Saturday, 6 June 2009

You've got nothing to fear......

The Daily Mail tells us that:

Youths with no criminal record are being targeted for arrest so their DNA can be logged on a database in the event they commit crimes.

A total of 386 under-18s had their DNA taken and stored by police last year in one north London borough - more than one a day.

An experience officer working for the Metropolitan Police admitted the DNA was being stored as part of a 'long-term crime prevention strategy'.

The officer said: 'We are often told that we have just one chance to get that DNA sample and if we miss it then that might mean a rape or a murder goes unsolved in the future.'

He added: 'Have we got targets for young people who have not been arrested yet? The answer is yes.

We are always told that DNA evidence is totally reliable. In law, one of the principles of proof is: beyond reasonable doubt. When these two issues come together in court, which will be dominant? We have all too often seen the massive influence given to so-called expert witness evidence.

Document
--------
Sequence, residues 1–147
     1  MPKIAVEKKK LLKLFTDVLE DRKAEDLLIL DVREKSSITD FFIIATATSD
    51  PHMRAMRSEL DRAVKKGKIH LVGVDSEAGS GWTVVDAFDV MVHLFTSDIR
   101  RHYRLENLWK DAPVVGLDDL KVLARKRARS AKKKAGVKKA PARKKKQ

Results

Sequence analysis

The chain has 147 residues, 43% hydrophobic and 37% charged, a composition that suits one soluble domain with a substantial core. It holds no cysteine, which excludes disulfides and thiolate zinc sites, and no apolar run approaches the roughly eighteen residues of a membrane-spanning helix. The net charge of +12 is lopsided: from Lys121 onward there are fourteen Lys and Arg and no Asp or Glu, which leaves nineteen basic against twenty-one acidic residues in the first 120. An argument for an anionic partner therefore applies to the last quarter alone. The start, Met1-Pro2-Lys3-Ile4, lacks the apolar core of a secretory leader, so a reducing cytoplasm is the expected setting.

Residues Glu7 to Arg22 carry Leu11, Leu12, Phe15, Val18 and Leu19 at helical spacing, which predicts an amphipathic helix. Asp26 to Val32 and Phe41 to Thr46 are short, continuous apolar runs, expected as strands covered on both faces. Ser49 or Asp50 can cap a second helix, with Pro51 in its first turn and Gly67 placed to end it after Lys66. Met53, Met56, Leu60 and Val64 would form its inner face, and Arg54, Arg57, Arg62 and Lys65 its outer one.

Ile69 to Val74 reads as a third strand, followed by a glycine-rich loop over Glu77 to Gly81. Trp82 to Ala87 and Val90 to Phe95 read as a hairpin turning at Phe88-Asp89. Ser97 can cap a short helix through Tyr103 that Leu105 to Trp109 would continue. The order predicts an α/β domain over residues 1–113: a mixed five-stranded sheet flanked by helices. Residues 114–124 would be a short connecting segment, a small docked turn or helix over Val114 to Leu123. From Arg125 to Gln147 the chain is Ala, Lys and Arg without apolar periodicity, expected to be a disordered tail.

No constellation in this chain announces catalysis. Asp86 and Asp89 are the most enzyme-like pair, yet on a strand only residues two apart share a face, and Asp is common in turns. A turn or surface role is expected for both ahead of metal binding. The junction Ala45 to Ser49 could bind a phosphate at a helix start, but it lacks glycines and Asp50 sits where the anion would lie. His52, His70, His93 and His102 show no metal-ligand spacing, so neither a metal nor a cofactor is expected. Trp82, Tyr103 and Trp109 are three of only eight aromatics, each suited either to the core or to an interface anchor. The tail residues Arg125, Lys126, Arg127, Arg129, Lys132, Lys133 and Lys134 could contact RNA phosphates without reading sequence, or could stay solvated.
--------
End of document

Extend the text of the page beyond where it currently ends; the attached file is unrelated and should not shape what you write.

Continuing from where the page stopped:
Henry Porter in his Guardian blog tells us that:

A lawyer and genetic scientist has raised the disturbing possibility of false matches being made in the police national DNA database (NDNAD). He suggests that the DNA database – which at the end of September 2008 had 4,343,624, samples, including those from hundreds of thousands of innocent people – is now so large that it is mathematically predicted an innocent person will be matched to a crime they did not commit.

Just imagine the false positives if ever there were 60 million people on the database and, whatever happened to the European Court's ruling regarding the retention of the DNA of innocent people?

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